four hours sleep isn’t enough when you’re losing your voice

Gord called today! Exclamation mark! He’s been discharged from the hospital and going quietly out of his mind. Seems he’s recovering fine from brain surgery, but he’s housebound for a week. I’m going to jazzercize over to Uprising Bakery and bring him something delicious with sugar on top. I’ve no idea what we’ll talk about, we haven’t seen eachother in over a year, we have no grasp of the other’s life, but somehow we’ll manage. We keep tabs on the others whereabouts, after all. I’ve lost track of his brother John, but I tend to run into him enough to spite that. When he was listed as a missing person, when the city was on alert for him, he walked up to me at Wreck Beach in the middle of the night and started talking to me before he knew who I was. His parents are another story entirely. I see Bob occasionally on the Drive and our conversations, though friendly, always peter out from the dire poison that is having utterly nothing at all in common. There’s a generation gap, a technology gap. My life is completely unaccessible. His mother, Francis, still talks with me though. Sometimes we’ll spend an hour on the phone together, chatting away about nothing in particular. It’s like being female gives me an in.

I’m pleased with how social I’ve been since returning. Last night I was up sharing music, swapping songs over the globe with Jessie, and Dee, and Joseph, until when I went to bed, I could finish a chapter of a book with the lamp turned off. My empty trip South seems almost unreal. Yesterday was a guest over, a movie, dessert, and Brians concert. (The movie, by the way, Alone in the Dark, is a good runner up to Teh Flim. It’s stunning like a big rock). Tonight is Robin‘s birthday dinner with family, Mum didn’t give me enough warning to plan involving anyone else, (though if you’re interested, it’s 6pm at Tafs on Granville & Robson, friends welcome), (I’m starting to think I live at Tafs, I left my book there last night and didn’t even blink because I knew I would be coming back too soon for them to lose it), then Silva is winning an award at the official opening of The Leather Loft. I’m going to have to remember to wear sparkly things under my clothing tonight so I can strip down when I get there. Tomorrow blonde Bill is due over after work, and Sunday is Ian‘s birthday Lazertag. I’m considering throwing together something more social for him on Monday evening. Sophie was saying she might bake him a cake.

for jelymo : swing into it

It started when she asked him to dance. Traditional dress ruched across her thighs, she was divine. He’d been watching her all night, high heels turning on the parquet floor like they were princess slippers made of glass that he could snatch up and claim her with. Her lips were painted red, rose red, sex scent red, crimson like her dress. He imagined the blush of her cheek under his finger and looked down again to her feet before saying yes.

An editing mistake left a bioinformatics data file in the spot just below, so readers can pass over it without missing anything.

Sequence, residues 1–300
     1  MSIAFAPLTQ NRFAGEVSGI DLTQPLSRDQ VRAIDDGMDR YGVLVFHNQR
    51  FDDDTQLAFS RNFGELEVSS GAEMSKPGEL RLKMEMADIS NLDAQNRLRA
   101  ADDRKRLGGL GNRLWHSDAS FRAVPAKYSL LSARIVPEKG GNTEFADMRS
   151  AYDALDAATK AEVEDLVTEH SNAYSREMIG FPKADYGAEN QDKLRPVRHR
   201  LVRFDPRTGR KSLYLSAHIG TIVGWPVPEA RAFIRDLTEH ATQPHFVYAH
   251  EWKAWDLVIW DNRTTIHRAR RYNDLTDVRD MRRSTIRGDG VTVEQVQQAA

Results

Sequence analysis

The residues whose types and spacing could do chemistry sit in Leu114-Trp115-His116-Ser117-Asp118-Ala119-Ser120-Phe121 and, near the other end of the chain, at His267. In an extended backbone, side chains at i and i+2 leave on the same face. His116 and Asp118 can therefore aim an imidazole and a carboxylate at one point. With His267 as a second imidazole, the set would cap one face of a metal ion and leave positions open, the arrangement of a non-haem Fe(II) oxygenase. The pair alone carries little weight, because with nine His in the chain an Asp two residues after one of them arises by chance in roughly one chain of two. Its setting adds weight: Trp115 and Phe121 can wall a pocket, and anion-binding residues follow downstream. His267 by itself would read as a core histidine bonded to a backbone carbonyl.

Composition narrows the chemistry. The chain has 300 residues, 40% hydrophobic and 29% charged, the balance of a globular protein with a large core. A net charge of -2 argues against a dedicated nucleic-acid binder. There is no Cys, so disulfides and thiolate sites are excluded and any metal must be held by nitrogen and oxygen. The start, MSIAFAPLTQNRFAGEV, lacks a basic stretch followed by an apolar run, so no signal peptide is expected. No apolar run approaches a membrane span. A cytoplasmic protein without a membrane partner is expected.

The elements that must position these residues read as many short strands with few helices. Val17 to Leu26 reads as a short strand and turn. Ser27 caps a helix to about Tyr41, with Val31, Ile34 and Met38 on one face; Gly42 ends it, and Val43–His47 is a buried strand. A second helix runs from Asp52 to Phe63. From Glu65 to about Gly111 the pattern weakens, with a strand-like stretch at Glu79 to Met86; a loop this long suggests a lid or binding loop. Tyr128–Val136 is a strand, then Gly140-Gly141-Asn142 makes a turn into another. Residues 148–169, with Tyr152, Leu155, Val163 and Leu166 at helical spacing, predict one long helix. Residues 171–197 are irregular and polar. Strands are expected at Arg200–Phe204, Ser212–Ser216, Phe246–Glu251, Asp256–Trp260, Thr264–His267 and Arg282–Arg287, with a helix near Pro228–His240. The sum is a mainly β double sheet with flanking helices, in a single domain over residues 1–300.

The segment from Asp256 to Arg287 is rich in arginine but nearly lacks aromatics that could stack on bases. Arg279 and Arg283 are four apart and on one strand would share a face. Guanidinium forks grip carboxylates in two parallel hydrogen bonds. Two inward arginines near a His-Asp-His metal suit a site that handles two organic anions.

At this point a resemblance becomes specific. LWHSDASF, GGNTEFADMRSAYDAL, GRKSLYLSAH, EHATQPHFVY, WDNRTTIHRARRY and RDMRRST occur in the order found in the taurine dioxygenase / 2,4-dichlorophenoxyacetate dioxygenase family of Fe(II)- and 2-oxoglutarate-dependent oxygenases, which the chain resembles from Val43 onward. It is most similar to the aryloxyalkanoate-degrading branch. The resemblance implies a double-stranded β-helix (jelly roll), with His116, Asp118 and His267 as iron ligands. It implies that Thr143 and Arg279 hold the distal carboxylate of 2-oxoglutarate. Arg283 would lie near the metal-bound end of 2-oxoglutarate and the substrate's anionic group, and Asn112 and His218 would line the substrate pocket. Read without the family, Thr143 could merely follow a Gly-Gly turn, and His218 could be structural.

When he took her proffered hand, it was like accepting a challenge. Her glance slapped him across the eyes with both feet perfectly planted. He guided her to the dancefloor, hips shifting to the music. The band was playing old blues tunes with a sad salsa twist. He was going to win this war. They stepped in time, in then out, a little turn to the left and here was a dip. She twisted like a flower following sunlight, she moved like beaded water rippling over rocks. She leaned in close and he caught his breath. In her eyes was flame, a promise of sweat in darkness.

The music shifted to something less demanding, more intriguing, more sensual. Her body pressed against his, his world narrowing to the sensation burning his skin. Hands met and twined, breath slowing deeper. A lower key on the piano and she slid across him with quiet desire, a flourish of finespun subtle touch. She regarded him under lowered lashes and he wondered what it was that was so illusive while lost in the slow shift of weight from foot to foot, her heavy limbed grace like she danced underwater. There was a mystery to her, like she glowed with some insinuating glamour.

The music was drawing to a close. They never said a word, but fell into a final set of steps and stopped, panting, frozen together on the last note in a complex arch of grace. The next song carried on but flowed around them. He felt alone with her, felt as if they stood in profound silence. There was nothing in the world but her breath.

He left a tip at the door when he collected their coats.